- Validation process is ongoing
- Total client claims now stand at GH¢3bn (from GH¢12.6bn)
- 71,000 individuals, 5,750 institutions make claims
- Government committed to intervene
- Commission pursuing changes to law to gain more powers
- 13 out of 18 CIS transferred to new fund managers
The Securities and Exchange Commission (SEC) is in talks with the Ministry of Finance to secure a comprehensive solution for customers of the defunct investment banks who have their monies locked up, as the validation process for the 90,000 claims received from 71,000 individuals and 5,750 institutions picks up pace.
Even though government provided some GH¢1.5billion in the 2020 budget to support the customers affected by sanitisation of the asset management industry, the value of claims received so far and ongoing validations point to the fact more options have to be considered to fill the gap, said Rev. Daniel Ogbarmey Tetteh, the Commission’s Director General, in a meeting with some journalists.
“We are in extensive engagements with the Ministry of Finance to go beyond the GH¢1.5billion and make that commitment firm, and hopefully we will get there. What we need now is to find out the total exposure for presentation to government, and I am confident that will happen in the coming weeks. We are pushing hard, so we get something to the ministry to signal what can be done,” Rev. Ogbarmey Tetteh added.
To buttress his point on the need to validate the claims filed by customers, he noted that at the time of revoking those licences, the assets under management of the firms involved stood at GH¢8.08billion; but the total value of claims filed as at April 2020 stood at GH¢12.56 billion. “That is a GH¢4billion difference, which underscores why the validation process needs to be very rigorous,” he said.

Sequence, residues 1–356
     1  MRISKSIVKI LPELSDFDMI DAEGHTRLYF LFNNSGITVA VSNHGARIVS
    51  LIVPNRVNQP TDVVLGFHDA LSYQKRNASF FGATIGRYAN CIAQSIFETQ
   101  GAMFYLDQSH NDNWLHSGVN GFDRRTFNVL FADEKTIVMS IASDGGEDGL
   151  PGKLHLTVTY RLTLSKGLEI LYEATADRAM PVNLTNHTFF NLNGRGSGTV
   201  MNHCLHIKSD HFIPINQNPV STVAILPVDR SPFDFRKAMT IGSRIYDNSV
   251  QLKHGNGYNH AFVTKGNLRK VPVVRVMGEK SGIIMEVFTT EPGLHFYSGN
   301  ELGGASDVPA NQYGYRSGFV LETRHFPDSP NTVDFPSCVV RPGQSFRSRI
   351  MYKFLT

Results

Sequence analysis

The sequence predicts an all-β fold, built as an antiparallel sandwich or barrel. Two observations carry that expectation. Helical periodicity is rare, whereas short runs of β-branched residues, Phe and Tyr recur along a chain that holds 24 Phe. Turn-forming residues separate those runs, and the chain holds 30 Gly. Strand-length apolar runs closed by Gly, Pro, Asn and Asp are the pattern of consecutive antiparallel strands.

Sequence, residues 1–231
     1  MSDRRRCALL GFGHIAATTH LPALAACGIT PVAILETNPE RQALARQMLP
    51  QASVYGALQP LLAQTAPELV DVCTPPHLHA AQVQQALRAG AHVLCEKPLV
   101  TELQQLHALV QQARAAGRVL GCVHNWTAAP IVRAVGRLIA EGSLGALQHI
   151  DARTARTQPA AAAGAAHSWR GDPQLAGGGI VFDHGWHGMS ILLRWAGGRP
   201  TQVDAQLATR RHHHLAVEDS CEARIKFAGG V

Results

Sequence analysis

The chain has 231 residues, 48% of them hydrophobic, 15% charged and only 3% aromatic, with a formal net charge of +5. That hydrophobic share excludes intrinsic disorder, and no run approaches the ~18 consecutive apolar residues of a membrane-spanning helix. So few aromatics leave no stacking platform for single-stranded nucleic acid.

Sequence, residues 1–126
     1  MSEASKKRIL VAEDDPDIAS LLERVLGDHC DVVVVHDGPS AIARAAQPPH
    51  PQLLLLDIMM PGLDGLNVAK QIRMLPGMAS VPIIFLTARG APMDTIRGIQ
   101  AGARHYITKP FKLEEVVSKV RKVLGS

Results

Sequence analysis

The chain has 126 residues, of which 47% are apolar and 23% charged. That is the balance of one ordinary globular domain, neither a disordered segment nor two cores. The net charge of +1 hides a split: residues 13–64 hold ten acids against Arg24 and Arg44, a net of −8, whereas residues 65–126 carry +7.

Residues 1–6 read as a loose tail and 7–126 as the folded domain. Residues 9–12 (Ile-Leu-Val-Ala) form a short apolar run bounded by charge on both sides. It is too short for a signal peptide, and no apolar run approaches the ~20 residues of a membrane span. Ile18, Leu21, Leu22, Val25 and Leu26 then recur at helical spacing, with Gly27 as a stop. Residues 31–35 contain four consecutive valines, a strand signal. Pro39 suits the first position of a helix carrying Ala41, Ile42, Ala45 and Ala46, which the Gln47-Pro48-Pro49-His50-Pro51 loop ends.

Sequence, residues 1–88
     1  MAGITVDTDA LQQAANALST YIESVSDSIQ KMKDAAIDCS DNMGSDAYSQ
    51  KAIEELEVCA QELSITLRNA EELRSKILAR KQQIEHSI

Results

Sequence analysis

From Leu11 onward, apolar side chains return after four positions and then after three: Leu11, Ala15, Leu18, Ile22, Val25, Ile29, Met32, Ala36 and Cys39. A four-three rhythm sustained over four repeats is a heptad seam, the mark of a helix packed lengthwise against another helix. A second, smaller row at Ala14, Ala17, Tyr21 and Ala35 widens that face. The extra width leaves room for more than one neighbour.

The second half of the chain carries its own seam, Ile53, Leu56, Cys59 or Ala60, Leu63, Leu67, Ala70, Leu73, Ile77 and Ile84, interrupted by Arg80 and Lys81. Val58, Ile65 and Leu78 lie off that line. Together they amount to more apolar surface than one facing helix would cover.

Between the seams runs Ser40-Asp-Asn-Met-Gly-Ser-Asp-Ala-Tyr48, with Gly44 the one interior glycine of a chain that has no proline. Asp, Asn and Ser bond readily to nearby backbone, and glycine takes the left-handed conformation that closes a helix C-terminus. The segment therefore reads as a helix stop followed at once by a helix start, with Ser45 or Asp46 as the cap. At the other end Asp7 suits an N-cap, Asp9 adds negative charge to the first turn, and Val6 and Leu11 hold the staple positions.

Acknowledgement is not validation
So far, the Director General noted, most of the claims filed have been acknowledged – but stressed that an acknowledgement is not a confirmation or validation of claim. He explained that the acknowledgement of any claim – or the lack of it – doesn’t make a claim valid or invalid.
“When you file your claim, you get an acknowledgement via a text message; but that is not the same as validation. The validation process involves an agent, appointed by the SEC, to go in and take records, cross-check against your claim; if it is the same, then the agent moves on. If it doesn’t match, then we have to find out what the problem is – including recourse to source documents and receipts, and this takes time,” he said.
Gov’t committed to intervene
Mr. Tetteh pointed out that in a typical liquidation process, creditors would have to wait for the liquidation order to be given so that the Liquidator can dispose of the assets and use proceeds to pay creditors. He indicated that government remains committed to intervening with some support in the event that liquidation proceeds are inadequate to sort out the creditors. This is against the background that a significant proportion of these companies’ assets can be categorised as risky or distressed. He pointed out that the Commission will be in a position to make some announcements on when and how affected investors of these companies will be sorted out in the coming weeks.
SEC needs more powers to police investment banking sector
Explaining the difference in approach of the Commission after revocation of licences and compared to the approach used by the Bank of Ghana (BoG), Rev. Tetteh indicated that SEC is relying on the liquidation pathway as it doesn’t have the power to appoint a Receiver like the BoG. The liquidation pathway differs from that of the Receiver pathway in terms of the process, and therefore it has implications on the time taken to achieve the ultimate goal of sorting out of the affected companies’ creditors (including investors).
“When you have the power to appoint a Receiver, like the Bank of Ghana (BoG) does, the Receiver is authorised to take over running the company and has broad access to everything about the company. Since we do not have that power, we had to notify the Official Liquidator (the Registrar-General) who must apply to court for the liquidation orders. This process takes time,” he said.
Transfer of CIS to new fund managers
So far, the SEC boss noted that out of the 18 collective investment schemes which have been indirectly affected by the revocation of licences, 13 have successfully appointed new fund managers; one was already on the path to liquidation, while the other four have indicated that they are still in the process of appointing new fund managers to continue managing those funds. The new fund managers have been directed to take steps to meet with their respective shareholders/unit-holders to apprise them of the outlook and strategy to manage the funds so as to achieve the set objectives.